Having a systematic meaning that the camera model doesn’t match the reality (or the system) of the actual device, whether it is complex deformation or rolling-shutter.

Here, I’d say that there a mismodeled distortion in the DD case. Still, residual seems OK-ish.

Still, the result of the SfM doesn’t say much about the dense point cloud computation. Holes can appear for various reason, here, my gut would say that it is due to the repetitive patterns of the roof that might introduce outliers in individual depthmaps, that further don’t pass consistency checks when fusing depthmaps. Hard to tell without debugging.


Rolling shutter for sure isn’t the only issue, just an exacerbating issue on an dataset with low overlap.

Fully agreed on roofs. This seems to be a smoothness of texture/repeating texture issue. I was able to better results with ODM on the roofs, but symptomatic of smooth, repeating, metal roofs I’ve seen elsewhere:

But rolling shutter is a challenge in this model. That’s not a good model. This is what I’ve seen when a rolling shutter camera’s effects have been well compensated for in OpenSfM which is considerably less noisey (this is an orbit and a cross hatch to produce this camera model to attempt work around rolling shutter) which is considerably less noisy:

All that to say that I believe that the difference between the results from DD is a combination of factors: low overlap, rolling shutter, + one we haven’t discussed. In the end, having run this through Agisoft which doesn’t turn a textured mesh into a point cloud like Pix4D and DD, we see that Agisoft has holes in the same places:

DD’s extra points are likely a result of a suspected colorized mesh-to-point cloud workflow, which solidly places the differences between the point cloud from DD and that from ODM as a question of verisimilitude not veracity, or perhaps more precisely: completeness over accuracy.


We can create something quite similar in MeshLab or CloudCompare with relative ease:

I could spend some time writing up a tutorial, but there are great videos that serve as a good starting point:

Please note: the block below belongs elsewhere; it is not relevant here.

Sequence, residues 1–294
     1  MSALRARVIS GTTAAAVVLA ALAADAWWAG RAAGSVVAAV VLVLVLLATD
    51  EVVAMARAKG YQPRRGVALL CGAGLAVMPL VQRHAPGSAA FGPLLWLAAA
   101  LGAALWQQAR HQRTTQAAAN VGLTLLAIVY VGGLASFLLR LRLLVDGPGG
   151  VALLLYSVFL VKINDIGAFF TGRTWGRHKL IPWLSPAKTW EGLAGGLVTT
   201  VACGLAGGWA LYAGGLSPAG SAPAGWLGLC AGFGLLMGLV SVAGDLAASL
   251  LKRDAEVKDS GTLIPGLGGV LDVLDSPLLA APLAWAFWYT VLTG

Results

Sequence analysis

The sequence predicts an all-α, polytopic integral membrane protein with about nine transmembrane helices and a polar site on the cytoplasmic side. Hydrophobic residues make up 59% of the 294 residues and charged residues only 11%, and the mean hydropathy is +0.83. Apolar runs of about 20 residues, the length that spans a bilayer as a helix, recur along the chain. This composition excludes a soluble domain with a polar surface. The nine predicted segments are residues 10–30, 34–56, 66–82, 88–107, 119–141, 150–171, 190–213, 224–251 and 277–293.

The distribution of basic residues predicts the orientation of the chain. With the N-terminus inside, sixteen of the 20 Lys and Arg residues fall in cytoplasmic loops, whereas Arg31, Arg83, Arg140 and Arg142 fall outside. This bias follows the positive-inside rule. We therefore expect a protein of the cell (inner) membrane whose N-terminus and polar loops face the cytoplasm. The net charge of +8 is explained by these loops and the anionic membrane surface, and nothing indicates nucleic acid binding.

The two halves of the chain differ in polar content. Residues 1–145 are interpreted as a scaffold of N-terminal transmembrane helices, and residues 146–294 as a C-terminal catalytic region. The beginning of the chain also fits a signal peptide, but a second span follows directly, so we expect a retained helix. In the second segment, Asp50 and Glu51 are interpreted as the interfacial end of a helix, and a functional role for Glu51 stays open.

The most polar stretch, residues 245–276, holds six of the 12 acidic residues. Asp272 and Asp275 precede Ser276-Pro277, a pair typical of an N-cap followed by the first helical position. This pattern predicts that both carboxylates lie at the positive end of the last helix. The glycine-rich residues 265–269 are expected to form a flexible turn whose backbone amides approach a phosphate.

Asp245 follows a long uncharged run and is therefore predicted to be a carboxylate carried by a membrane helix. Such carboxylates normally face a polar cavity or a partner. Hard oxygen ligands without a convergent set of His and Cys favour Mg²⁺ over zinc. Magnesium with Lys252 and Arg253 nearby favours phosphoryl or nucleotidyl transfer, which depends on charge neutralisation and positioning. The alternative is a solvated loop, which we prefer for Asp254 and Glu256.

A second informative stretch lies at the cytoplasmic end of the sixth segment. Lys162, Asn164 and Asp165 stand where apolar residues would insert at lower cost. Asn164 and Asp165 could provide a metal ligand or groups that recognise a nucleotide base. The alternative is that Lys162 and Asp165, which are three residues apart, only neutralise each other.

We should consider adding this as a feature. We get this question now and again with Pix4D, and I’m not surprised to see something similar with DD. In the meantime though, you may have to roll your own.

Or, (to anyone interested) roll it for all of us! Pull requests are always welcome.


Correcting myself :

  • The DD picture was showing the distortion map, not the residual map (which is what ODM/OpenSfM report is showing).
  • The distortion map shows the magnitude of distortion induced by the camera model, so it has indeed “structure” by definition.
  • The residual map (I don’t know if DD report shows it) should be noisy (no structure) if camera model is well modeled.

Regarding the residual grid of OpenSfM you’re showing, it has some radial pattern, but looking at it, it is actually more anisotropic, hard to tell what is causing it, but for sure there’s an effect that isn’t accounted for (rolling shutter ?).

Regarding the noises, the process of modern approaches for computing depthmaps is the following (whether it is SGM or PatchMatch-based) :

  • Select per-image neighbors (black magic : number of neighbors and min/max angle thresholds)
  • Initialize depthmaps (black magic : random init. or SfM init. or SfM dense init with interpolation or multi-scale scheme)
  • Compute per image depthmaps (black magic : cost function, neighbor aggregation)
  • Remove points that are inconsistent between an image and its neighbors (black magic : fill holes with interpolation/inpainting, possibly re-iterate with depthmaps)
  • Fuse depthmaps (black magic : union-find like of intersecting points, fit local planes)
  • Meshing (black magic : plane prior, various mesh healing heuristics)

So many things could possibly go wrong and be different between implementation. I do agree with you that meshing might be what DD does very well and is actually filling the gaps. I still wonder if there’s some magic options if OpenMVS that could fix the issue.

Also I can’t access the GDrive folder with the dataset, can someone share it ?



Ahh, apples and oranges. I didn’t look at these closely enough.

Yup. Reposted here: NH38 - Google Drive

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:flushed: Bookmarking this…

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Forgot to mention the last one :

  • Mesh refinement which is a hell of black magic & maths, and also the best way to get amazing meshes. OpenMVS implements a vanilla & naive version. Bentley CC implements SotA of mesh refinement and it explains why there’s no rivals to it when it comes to mesh quality.